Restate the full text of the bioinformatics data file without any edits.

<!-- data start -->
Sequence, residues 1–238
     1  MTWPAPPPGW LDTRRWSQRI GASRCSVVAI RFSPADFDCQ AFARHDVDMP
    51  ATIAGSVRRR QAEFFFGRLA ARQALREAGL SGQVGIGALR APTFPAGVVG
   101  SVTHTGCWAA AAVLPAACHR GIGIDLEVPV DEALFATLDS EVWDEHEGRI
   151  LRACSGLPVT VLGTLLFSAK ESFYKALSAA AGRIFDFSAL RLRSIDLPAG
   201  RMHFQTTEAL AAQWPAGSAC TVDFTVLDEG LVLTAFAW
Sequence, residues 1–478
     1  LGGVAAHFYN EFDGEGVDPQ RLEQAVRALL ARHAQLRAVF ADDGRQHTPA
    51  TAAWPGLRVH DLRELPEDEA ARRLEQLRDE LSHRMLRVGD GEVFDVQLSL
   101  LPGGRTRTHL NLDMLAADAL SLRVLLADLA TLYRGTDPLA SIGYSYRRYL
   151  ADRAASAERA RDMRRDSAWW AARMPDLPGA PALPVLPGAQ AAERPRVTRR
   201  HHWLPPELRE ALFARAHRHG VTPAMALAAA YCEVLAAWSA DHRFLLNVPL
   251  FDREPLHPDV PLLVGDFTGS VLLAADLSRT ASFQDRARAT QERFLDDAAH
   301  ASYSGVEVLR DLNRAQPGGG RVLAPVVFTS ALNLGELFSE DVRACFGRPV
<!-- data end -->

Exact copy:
Sequence, residues 1–238
     1  MTWPAPPPGW LDTRRWSQRI GASRCSVVAI RFSPADFDCQ AFARHDVDMP
    51  ATIAGSVRRR QAEFFFGRLA ARQALREAGL SGQVGIGALR APTFPAGVVG
   101  SVTHTGCWAA AAVLPAACHR GIGIDLEVPV DEALFATLDS EVWDEHEGRI
   151  LRACSGLPVT VLGTLLFSAK ESFYKALSAA AGRIFDFSAL RLRSIDLPAG
   201  RMHFQTTEAL AAQWPAGSAC TVDFTVLDEG LVLTAFAW
Sequence, residues 1–478
     1  LGGVAAHFYN EFDGEGVDPQ RLEQAVRALL ARHAQLRAVF ADDGRQHTPA
    51  TAAWPGLRVH DLRELPEDEA ARRLEQLRDE LSHRMLRVGD GEVFDVQLSL
   101  LPGGRTRTHL NLDMLAADAL SLRVLLADLA TLYRGTDPLA SIGYSYRRYL
   151  ADRAASAERA RDMRRDSAWW AARMPDLPGA PALPVLPGAQ AAERPRVTRR
   201  HHWLPPELRE ALFARAHRHG VTPAMALAAA YCEVLAAWSA DHRFLLNVPL
   251  FDREPLHPDV PLLVGDFTGS VLLAADLSRT ASFQDRARAT QERFLDDAAH
   301  ASYSGVEVLR DLNRAQPGGG RVLAPVVFTS ALNLGELFSE DVRACFGRPV